It is true that Alfie’s parents received several other medical opinions with the co-operation of Alder Hey hospital and that those doctors agreed that Alfie had suffered significant brain damage. The Bambino Gesu hospital in Italy was not offering a cure; they were offering ventilation via a tracheotomy which Professor Stephen Hawking and the actor Christopher Reeves both benefited from. The parents were also hoping for a diagnosis of Alfie’s undiagnosed condition.
The court and Alder Hey believed that Alfie was unable to see, hear or feel, however Dr Izabela Pałgan, a paediatrician and oncologist from Poland who diagnosed Alfie on his parent’s request, stated that Alfie was not a dying child and did respond to external stimuli. “He opens his eyes, sucks on his dummy, responds to his parent’s voices and to being tickled”. “This is not a case of brain death said Dr. Palgan”. “If the parents want to move the child to another hospital, they have the right to choose a doctor, the right to choose where the child will be treated, and no one should deny them that right.”

Whatever the prognosis miracles can and do happen and the power of love is an awesome force; Noah Wall “The boy with no brain” being just one example. In Noah’s case the brain apparently regenerated, confounding the doctors involved who admitted how little the medical profession actually know about the brain.

The judge was obviously not made aware of this case when he confidently stated that the brain could not regenerate.

When trust between the medics and parents had broken down to such an extent that Alder Hey hospital removed the sofa that Alfie’s parents had slept on for over a year, forcing them to sleep on the floor, and decided that death was in Alfie’s best interests; it was logical for Alfie’s parents to seek alternative care for their child.
Denying parents such basic rights leads us down a slippery slope that will divide our country further.
A hospital deciding to end treatment is one thing but to then deny parents the right to transfer their child’s care to another hospital is quite another. Going to war with parents is not the answer and is highly likely to create insurmountable problems in the future.
Parents will fight to the death for their children and this fact of life should never be underestimated.
A law in favour of parents is now urgently required. Our children are after all, not yet owned by the State… or are they?

Janis Sharp Author of ‘Saving Gary McKinnon’ Biteback publishing.

NB: Alfie Evans was laid to rest by his parents at a private funeral held on Monday 14th May 2018.

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An Open Letter About My Son, Gary McKinnon, to Theresa May and David Cameron

September 25, 2012

My son has spent 10 wasted years awaiting extradition to the US on computer hacking charges. Please help end this daily torture

Gary McKinnon … ‘He has no life and is broken, like a wounded animal with no outlet and no hope’ Photograph: Linda Nylind for the Guardian

Dear Theresa and David,

As you are aware, my son Gary McKinnon, who has Asperger’s syndrome, a form of autism, was arrested in London in March 2002 for computer misuse and has now been under virtual house arrest for over 10 years while fighting extradition to the US.

People find it hard to believe that this can be happening in Britain in the year 2012, but it is.

Gary was arrested more than 10 years ago for allegedly hacking into Nasa and Pentagon computers from his bedroom in London while searching for evidence of UFOs and free energy that Gary believed was being suppressed by the US government. It’s true that Gary left cheeky cyber notes telling the US that their security was virtually nonexistent and that he’d continue disrupting by leaving cybernotes until someone at the top listened to him and installed passwords and firewalls that should have been there in the first place to protect their systems, but weren’t.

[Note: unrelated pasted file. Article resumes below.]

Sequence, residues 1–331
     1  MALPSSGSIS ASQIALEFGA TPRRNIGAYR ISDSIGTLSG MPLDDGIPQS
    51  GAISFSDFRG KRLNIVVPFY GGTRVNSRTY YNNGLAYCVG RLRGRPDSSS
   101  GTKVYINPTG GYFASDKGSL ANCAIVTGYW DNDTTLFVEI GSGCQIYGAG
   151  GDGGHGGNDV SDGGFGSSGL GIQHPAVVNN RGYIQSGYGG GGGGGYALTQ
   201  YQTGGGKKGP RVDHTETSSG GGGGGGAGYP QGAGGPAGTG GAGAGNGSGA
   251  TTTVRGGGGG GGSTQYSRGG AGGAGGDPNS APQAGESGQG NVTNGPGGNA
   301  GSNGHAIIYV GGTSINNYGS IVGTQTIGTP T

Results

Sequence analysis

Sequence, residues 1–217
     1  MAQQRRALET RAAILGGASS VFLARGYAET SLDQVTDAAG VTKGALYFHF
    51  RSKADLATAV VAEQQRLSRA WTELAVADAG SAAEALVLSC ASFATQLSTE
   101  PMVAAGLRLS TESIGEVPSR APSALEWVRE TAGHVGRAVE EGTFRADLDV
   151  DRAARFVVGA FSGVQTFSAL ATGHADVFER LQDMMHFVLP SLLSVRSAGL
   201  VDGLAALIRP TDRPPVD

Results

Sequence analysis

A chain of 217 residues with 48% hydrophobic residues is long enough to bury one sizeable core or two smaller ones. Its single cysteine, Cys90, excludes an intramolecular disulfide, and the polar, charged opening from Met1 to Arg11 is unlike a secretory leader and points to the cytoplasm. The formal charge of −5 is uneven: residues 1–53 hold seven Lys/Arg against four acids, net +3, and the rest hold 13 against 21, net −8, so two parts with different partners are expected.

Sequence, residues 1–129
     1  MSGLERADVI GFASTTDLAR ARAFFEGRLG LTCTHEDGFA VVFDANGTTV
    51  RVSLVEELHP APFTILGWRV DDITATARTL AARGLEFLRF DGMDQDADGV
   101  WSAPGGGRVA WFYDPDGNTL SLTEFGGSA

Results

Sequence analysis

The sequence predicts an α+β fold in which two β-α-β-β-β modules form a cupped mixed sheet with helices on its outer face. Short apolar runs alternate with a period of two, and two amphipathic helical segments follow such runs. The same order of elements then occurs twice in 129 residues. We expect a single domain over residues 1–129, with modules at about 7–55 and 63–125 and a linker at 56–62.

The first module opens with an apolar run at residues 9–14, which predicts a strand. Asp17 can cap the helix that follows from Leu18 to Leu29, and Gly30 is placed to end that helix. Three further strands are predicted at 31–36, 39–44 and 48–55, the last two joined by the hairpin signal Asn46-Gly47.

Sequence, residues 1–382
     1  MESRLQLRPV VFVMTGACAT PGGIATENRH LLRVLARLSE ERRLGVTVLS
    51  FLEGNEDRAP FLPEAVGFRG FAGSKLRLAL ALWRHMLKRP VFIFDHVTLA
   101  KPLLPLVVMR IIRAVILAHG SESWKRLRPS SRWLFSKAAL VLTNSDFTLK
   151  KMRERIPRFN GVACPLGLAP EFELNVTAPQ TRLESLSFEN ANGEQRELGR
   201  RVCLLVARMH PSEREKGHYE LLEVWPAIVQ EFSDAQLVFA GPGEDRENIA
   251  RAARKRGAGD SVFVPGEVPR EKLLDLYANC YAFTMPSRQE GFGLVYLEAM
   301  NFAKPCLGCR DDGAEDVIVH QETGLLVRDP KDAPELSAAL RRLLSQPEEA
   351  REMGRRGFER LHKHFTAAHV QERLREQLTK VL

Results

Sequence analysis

To his detriment Gary also left a cyber note saying that American foreign policy was akin to state-sponsored terrorism. Had this been scrawled on a wall few would have noticed and to a young man with Asperger’s syndrome, telling the truth as he saw it was as natural as getting out of bed in the morning. However Gary had now not only embarrassed the US by highlighting their lack of any basic security, but he had angered them.

No one, but especially someone with Asperger’s, could ever have realised the horrendous consequences that would arise from a country whose first amendment is one protecting free speech. Or that an extradition treaty with America, yet to be written, could allow him (without any evidence being presented to a British court) to be forcibly removed from his home, his family and all that he has ever known, to be taken to a foreign land where he could be incarcerated in a foreign prison for up to 60 years. All for a crime that according to the Hi-Tech Crime Unit in 2002, would have attracted a sentence of six months community service in Britain.

My son has now been under arrest for longer than any British citizen ever has. He hasn’t raped anyone, he hasn’t murdered anyone, so can’t understand how this can be happening to him, as no matter how much anyone may choose to exaggerate his crime, the fact is that his crime was tapping on a keyboard in his bedroom in north London in search of information on aliens from outer space.

Gary rarely ever leaves his home as he is traumatised to the core. A boy who cycled, swam, composed music and sang, now sits in the dark with his cats and never wants to see or speak to anyone.

He has no life, and is broken, like a wounded animal with no outlet and no hope, seeing only the dark side and the cruelty that exists in the world.

My only child has lost 10 years of his youth and has aged and died before my eyes.

Ten years of being in a constant state of fear while fighting to stop my son Gary being taken from his home and family has made the days, months and years indistinguishable from each other, as hopes raised to the heavens come crashing down to Earth on a regular basis.

We were elated when in a bid to have Gary tried in the UK, you, our prime minister, raised Gary’s case with President Obama during your first televised joint press conference in America in 2010. When President Obama said an appropriate solution would be found, we were moved to tears. We waited and waited and waited, but the months passed and nothing happened.